CUSU Council has introduced a student referendum on the quesion of whether or not to add a Disabled Students’ Officer (DSO) to its team of full-time elected sabbatical officers.
The referendum, which will take place on 27 January, comes as the result of a petition launched by the Disabled Students’ Campaign. If passed, it would add another permanent sabbatical offcer to serve the interests of disabled students, bringing the number of full-time CUSU elected officials to seven.
Voting will open at 9am on Wednesday 27 January and close at 9am on Wednesday 3 February. A simple majority will decide the results of the referendum, given that 10% of CUSU members cast a vote, in accordance with the CUSU constitution. For the first time in a CUSU election, no paper ballots will be cast, and electronic ballot boxes will be set up in each college.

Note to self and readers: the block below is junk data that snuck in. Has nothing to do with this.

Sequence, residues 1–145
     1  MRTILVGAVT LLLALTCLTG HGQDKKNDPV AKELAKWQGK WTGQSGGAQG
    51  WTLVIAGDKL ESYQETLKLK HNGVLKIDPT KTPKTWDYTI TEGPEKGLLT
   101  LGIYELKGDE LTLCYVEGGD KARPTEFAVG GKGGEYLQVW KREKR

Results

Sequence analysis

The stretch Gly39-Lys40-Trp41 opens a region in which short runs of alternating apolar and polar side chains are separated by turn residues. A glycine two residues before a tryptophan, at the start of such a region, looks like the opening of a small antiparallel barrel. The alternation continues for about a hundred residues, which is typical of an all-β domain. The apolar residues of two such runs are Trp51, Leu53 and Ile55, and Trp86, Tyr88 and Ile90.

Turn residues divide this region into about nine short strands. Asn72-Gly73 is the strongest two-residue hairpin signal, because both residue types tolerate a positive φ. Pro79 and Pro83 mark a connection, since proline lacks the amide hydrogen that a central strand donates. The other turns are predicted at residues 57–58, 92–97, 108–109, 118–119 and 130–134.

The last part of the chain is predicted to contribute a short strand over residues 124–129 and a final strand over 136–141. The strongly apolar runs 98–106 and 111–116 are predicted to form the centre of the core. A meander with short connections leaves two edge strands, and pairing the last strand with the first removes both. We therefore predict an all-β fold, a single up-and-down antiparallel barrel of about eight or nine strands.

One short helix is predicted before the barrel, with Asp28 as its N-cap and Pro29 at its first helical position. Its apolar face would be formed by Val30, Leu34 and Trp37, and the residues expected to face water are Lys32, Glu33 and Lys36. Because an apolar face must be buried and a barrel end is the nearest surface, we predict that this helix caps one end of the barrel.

The DSO would be elected by students who self-define as disabled, similar to the Women’s Officer, who is elected only by those who self-define as women. The rest of the sabbatical officers are elected by all members of CUSU.
Like other sabbatical offcers, the DSO would be paid a salary – currently £20,000 – by CUSU. This has led to debate over whether a DSO is the best use of CUSU’s limited funds.
Robert Cashman, CUSU Education Officcer, said during the meeting that the referendum “would be a good thing”. “I welcome the fact that it has come from students who want to improve CUSU’s representative structures, and I think that this question should be put to a referendum,” he said in an email.
At the meeting, CUSU Coordinator Jemma Stewart also discussed the referendum campaign rules, including a ban on messaging email lists and the use of unoffcial Facebook events not created by the CUSU Elections Council. If these rules are violated, CUSU could void the referendum, according to CUSU President Priscilla Mensah.
Jessica Wing, a student holding the position of Disabled Students’ Officer, commented: “The petition we presented to CUSU was enthusiastically supported by every autonomous campaign, who agree that this particular issue of structural inequality is one that deserves to be addressed democratically.